That had proved to be…
…not all that challenging. The structure of its spell array was much less complex than Wizard’s Hand’s and—after struggling with Wizard’s Hand for so long—he’d found it fairly easy by comparison.
He’d managed to conjure a crimson force shield—a concave force construct that floated around him and swung automatically to block incoming threats—in the dark of his room.
He had actually woken up his apartment mates with his loud triumphant cheering in the dead of the night.
It was his first truly defensive spell, and one that would keep him far safer in The Barrens, or when he had to deal with threats in the future.
His lab work for Professor Jules was progressing well too. The grad students found—to their surprise—that he often had the proper tools ready to hand them for the next step of the brewing process before they even asked.
Professor Jules was involving him more and more in the direct processes as well, and had finally handed him his letter of reference for Shale’s workshop.
And that left mana manipulation.
He’d devoured the textbook back to front and front to back several times, and had learned how to activate all the glyphs on three boxes at once while maintaining Force Shield, Wizard’s Hand, andperforming the mana regeneration technique on himself.
He knew he was getting ahead of himself—he was still a first year student with only a handful of spells under his belt after all—but he was feeling more powerful. Especially physically.
At the gymnasium he’d begun to add exercises to train himself in climbing and sharpen his agility on his feet. There was an obstacle course—usually used by The Watchers of Roal—that he’d been using to teach himself how to move past obstacles and rough terrain at speed. To train strength and balance—and, he had to admit ego boost a little—he’d begun doing ‘handstand pushups’ using a wall for support.
He and Khalik would compete, and while the prince could perform more repetitions, he lost balance more often than Alex, who continued to use The Mark to correct his form. Thundar was content to simply watch them competing.
“Listen, my people are like bulls, not squirrels,” he snorted. “Flip around and do all that fancy stuff without me.”
Of course, he never admitted that his reluctance might have had something to do with the fact that he’d tried it once, lost balance and nearly broke a horn by tumbling onto his head.
Alex wasn’t stupid enough to suggest to him that this might have been the real reason.
After them teaming up in The Barrens, Alex had extended an invite to Grimloch to join their group workouts, and though the shark man didn’t always come along, he pretty much obliterated them—and everyone else—each time he did.
‘There’s no accounting for natural talent,’ Alex had thought. ‘Or being a shark man that’s nearly ten feet tall.’
Still, despite the successes he’d been enjoying, a spectre of terror loomed over all of them. One that threatened to steal the courage from even the mightiest heart.
“You know,” Thundar grumbled. “I think maybe choking the life out of my professor would be easier than studying from his lectures.”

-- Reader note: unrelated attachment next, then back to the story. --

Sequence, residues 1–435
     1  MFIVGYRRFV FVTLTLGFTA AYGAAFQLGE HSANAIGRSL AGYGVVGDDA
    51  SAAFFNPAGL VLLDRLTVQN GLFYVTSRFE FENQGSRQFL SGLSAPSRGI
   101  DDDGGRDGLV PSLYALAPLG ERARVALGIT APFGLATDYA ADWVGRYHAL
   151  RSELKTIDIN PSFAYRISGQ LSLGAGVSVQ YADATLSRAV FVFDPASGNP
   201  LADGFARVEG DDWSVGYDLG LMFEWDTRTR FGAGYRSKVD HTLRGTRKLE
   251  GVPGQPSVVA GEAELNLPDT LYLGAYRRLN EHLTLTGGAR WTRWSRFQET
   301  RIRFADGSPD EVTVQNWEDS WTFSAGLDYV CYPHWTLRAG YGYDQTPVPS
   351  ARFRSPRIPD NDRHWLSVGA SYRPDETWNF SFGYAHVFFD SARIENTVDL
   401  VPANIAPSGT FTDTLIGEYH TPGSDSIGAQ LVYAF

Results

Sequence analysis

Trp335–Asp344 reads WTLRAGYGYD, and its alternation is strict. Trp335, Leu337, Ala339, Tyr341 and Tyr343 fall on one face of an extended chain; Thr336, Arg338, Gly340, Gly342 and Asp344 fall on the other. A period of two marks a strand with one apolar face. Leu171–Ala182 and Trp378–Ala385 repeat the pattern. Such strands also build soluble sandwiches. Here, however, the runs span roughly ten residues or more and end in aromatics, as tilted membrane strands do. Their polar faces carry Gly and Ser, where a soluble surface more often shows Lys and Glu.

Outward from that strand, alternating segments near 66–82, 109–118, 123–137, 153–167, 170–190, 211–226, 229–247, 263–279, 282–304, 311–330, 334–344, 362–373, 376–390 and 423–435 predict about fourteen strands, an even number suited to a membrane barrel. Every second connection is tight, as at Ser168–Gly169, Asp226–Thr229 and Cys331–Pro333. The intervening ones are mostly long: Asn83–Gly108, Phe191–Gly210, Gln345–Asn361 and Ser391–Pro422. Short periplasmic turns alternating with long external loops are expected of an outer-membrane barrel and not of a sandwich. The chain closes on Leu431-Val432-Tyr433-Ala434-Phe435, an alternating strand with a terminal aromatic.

He closed his notebook for battle magic with a loud clack.
Alex and Khalik startled.
“Shhhhh!” a student hissed from nearby, pointing to the ‘Be Quiet’ sign close by.
“Sorry,” Thundar muttered, looking around to see every student’s bloodshot eyes in the room glaring at him.
They had come to the first level of the school library and had been lucky enough to grab a table before the entire floor had become packed to the brim. First years filled every seat—most of them looking like they’d hardly slept in days—and their clothes absolutely reeked of tea, coffee and stress.
“Ach, I should’ve taken potions instead,” Thundar whispered.
Khalik glanced at him. “Do you even have any interest in potions? I’ve heard it’s quite difficult.”
“Yeah, but at least I’d have big-brain over here to teach me.” He nodded to Alex.
Alex extended his hand toward the minotaur and tapped his empty palm. “You want the material conveyed? Then I got to be paid.”
“We went through life and death together.” Thundar held up his charm-necklace. “That makes us bonded.”
“We are bonded.” Alex smiled. “But bonds can be strengthened for the low, low price of-”
“You’re a terrible friend.”
“But I’d be a rich friend.”
He snorted. “Hey, maybe that Shiani or her friends could teach me. They're in second year, so they’d know more. Come on, Alex put in a word for me.”
Alex tapped his palm again. “Want a message to be conveyed? Then I got to be-”
“I’m gonna kill you.”
“Oooo, did you hear that, Khalik?” Alex drew away as though horrified. “He threatened my life. He’s an evilwizard: you must help me, oh mighty hero, or he might turn me into a newt.”
“I swear I would have gotten more studying done outside of the library,” Khalik grumbled.
“But then you’d be abandoning your good, good friends.” Alex smirked. “Hey, speaking of the library.”
Alex jerked his head toward the sign near the front entrance—the one warning students not to bring open flame into the library. “What’s with that sign anyway? Who’d be dumb enough to bring fire into a place full of books, especially when there’s magic to light the place?”
Khalik glanced at the sign. “From the way my brother told it, when he was here, some nasty senior duped a naive first year into bringing a candle into the library as part of a cruel joke.”
Alex blinked in surprise. That seemed to be so…juvenile for a school of wizardry. Then, again, he’d witnessed a student nearly kill himself by drinking quicksilver on a dare. All kinds, including bullies, were in all places he supposed.
After all, bullies weren’t only named ‘McHarris’.
“Oooo.” Thundar winced. “What happened? Senior get in trouble?”
“Well,” Khalik said, placing his book down. “The senior was nobility in his kingdom—the same kingdom that the junior was from—so he assumed no one would reprimand him. But Generasi…though it respects those of rulership, does not bow to foreign kings. Threats were made, of course, but in the end, both students were placed on academic probation and fined by the registrar.”
Alex gulped. The last person he would ever want to owe money to was a literal devil.
Then again, in his unique situation, a devil would be more healthy for him to be around than priests or gods.
“Alex!” He heard someone whisper loudly from the front of the library.
Alex froze. He knew that voice.
Like a rusty gate creaking, he turned toward the voice and saw the short, bouncy form of Carey London waving a hand at him enthusiastically while the other clutched a sheaf of papers.
And beside her—also carrying sheafs of papers—with a friendly, open smile was…
His eyes widened.
He could only stare as the unlikely duo approached his table.
“I was hoping I’d find a friendly face here, it’s so good to see you,” she whispered, though some students outright glared at her. “Here.”
She handed him a sheet of paper. “Try and make it out, we could really use the support.”
“Support?” he asked, his eyes darting back and forth between her and Derek. “Support for-”
His eyes fell on the paper. “...Oh.”
There, at the top of the sheet, in big bold letters:
Campus for Uldar Rally: Ending the Ban on Priests from Campus!